Nigeria’s troubled economy is expected to worsen following the lifting of economic sanctions on Iran by the United States which effectively re-admits the country into the international oil trade.
The sanctions put in place in 2012 were lifted after Iran met the terms with six world powers to stop its allegedly weaponized nuclear programme, Reuters reports. Iran has hailed the lifting of the sanction as a vindication of its power and influence in the world.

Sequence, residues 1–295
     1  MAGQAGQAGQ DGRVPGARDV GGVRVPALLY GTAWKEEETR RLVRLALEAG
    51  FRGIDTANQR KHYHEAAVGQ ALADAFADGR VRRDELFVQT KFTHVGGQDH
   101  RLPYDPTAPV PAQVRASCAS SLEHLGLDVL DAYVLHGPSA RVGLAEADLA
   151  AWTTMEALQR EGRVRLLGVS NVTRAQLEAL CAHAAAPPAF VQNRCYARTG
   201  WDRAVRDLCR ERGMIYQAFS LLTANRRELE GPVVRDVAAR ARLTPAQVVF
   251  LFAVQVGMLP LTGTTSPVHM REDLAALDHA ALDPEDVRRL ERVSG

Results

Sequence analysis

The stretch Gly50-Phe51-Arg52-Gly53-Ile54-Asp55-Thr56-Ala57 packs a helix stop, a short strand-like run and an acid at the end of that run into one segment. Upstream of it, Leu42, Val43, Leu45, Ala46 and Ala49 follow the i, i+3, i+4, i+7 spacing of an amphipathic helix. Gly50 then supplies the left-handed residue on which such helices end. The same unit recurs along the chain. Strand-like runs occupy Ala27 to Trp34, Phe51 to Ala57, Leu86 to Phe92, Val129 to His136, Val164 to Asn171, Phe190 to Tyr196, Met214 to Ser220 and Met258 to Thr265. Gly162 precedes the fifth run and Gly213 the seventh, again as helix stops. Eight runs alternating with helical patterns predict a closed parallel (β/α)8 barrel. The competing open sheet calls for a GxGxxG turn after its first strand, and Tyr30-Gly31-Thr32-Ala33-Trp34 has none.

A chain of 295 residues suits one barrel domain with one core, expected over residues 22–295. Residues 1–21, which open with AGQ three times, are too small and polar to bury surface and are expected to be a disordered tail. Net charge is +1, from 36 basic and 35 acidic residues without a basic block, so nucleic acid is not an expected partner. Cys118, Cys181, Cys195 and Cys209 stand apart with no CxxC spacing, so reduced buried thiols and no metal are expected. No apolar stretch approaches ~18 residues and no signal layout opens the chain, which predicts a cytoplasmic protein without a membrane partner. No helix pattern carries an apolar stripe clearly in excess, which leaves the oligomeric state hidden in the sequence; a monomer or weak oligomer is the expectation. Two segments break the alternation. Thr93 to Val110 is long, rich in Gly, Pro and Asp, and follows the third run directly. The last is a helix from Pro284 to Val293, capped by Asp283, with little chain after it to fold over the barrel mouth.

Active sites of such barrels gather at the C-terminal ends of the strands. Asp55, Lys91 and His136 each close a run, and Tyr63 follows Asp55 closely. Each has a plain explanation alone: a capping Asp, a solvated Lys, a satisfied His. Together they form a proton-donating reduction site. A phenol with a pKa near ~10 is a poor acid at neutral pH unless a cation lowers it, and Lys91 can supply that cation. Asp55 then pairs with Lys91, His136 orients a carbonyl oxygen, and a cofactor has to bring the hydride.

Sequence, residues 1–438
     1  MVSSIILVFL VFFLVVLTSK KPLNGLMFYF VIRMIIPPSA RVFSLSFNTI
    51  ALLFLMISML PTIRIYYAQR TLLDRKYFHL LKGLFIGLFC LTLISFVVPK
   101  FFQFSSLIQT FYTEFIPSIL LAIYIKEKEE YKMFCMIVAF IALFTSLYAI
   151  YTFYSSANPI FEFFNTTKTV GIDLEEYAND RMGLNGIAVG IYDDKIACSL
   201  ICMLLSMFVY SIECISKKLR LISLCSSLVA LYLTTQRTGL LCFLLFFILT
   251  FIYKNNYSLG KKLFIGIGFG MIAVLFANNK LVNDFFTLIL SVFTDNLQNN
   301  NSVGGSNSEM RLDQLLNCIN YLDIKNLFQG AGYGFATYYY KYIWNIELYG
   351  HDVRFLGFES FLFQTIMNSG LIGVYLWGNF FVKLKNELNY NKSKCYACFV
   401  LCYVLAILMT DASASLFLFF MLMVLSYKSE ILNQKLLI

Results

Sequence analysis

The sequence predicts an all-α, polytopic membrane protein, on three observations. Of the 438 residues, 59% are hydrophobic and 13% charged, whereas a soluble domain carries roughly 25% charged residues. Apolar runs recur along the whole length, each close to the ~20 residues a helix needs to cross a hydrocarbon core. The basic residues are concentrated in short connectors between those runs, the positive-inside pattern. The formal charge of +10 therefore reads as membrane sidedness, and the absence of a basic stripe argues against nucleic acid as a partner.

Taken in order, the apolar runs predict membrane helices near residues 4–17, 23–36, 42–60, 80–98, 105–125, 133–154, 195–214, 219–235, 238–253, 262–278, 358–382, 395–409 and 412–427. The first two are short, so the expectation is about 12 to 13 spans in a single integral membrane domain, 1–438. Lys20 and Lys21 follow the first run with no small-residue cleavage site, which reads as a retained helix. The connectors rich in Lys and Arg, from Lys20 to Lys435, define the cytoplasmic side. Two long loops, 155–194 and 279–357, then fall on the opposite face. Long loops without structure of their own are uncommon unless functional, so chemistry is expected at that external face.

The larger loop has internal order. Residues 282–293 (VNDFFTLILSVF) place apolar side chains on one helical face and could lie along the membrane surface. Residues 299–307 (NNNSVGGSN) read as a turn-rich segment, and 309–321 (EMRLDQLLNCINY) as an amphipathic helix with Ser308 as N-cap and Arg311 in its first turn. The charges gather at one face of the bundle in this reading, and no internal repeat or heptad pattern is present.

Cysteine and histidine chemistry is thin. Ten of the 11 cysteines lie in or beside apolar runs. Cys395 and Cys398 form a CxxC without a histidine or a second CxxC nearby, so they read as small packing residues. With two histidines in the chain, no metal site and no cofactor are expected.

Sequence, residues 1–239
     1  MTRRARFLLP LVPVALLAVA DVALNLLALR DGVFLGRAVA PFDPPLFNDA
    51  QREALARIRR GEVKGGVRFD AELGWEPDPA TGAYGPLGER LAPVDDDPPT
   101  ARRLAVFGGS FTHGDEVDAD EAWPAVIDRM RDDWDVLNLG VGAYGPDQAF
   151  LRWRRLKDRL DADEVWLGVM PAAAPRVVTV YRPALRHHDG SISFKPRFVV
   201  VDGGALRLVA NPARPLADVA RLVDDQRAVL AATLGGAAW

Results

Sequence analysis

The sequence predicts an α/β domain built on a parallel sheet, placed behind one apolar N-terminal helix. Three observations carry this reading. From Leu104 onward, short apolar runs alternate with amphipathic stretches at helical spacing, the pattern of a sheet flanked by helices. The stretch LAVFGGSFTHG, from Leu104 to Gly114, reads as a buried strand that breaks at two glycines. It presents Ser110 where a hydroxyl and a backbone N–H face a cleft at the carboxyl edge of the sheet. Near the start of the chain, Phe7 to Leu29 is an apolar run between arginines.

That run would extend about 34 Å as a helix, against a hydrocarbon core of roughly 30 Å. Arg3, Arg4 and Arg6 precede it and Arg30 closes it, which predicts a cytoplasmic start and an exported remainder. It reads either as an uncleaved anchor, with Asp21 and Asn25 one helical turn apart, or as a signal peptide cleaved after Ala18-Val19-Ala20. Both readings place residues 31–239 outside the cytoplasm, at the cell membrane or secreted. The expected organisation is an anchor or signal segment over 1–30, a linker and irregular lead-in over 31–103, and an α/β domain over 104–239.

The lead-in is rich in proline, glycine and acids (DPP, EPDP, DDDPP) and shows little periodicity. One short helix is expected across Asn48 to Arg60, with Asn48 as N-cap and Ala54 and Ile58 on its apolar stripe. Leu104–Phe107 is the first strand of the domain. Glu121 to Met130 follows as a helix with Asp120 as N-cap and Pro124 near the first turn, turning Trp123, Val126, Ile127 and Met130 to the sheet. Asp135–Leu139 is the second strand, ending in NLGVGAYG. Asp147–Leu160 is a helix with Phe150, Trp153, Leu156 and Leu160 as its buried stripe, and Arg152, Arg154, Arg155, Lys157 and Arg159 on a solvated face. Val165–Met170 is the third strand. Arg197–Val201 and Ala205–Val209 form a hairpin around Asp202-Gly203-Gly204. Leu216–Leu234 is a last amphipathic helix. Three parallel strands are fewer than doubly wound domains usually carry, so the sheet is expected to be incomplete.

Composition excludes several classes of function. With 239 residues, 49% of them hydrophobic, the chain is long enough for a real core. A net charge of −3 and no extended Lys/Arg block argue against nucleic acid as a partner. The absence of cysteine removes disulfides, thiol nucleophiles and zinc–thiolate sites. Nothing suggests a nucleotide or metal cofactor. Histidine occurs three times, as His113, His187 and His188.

However, Iran’s joy may be Nigeria’s woes, according to Premium Times. With the lifting of the sanctions, Iran, which has the fourth largest oil reserves in the world (160 billion barrels) is expected to flood the international oil market with more oil which could worsen the ongoing glut that has reduced the price of crude from $105 per barrel to about $30 per barrel.
The re-entry of Iran into the international oil trade could also see India, Nigeria’s top buyer of crude look towards neighbouring Iran for its oil needs. A further drop in Nigeria’s oil export earnings is likely to drop the value of the naira below its present N305 to a dollar in the black market, a 43-year record.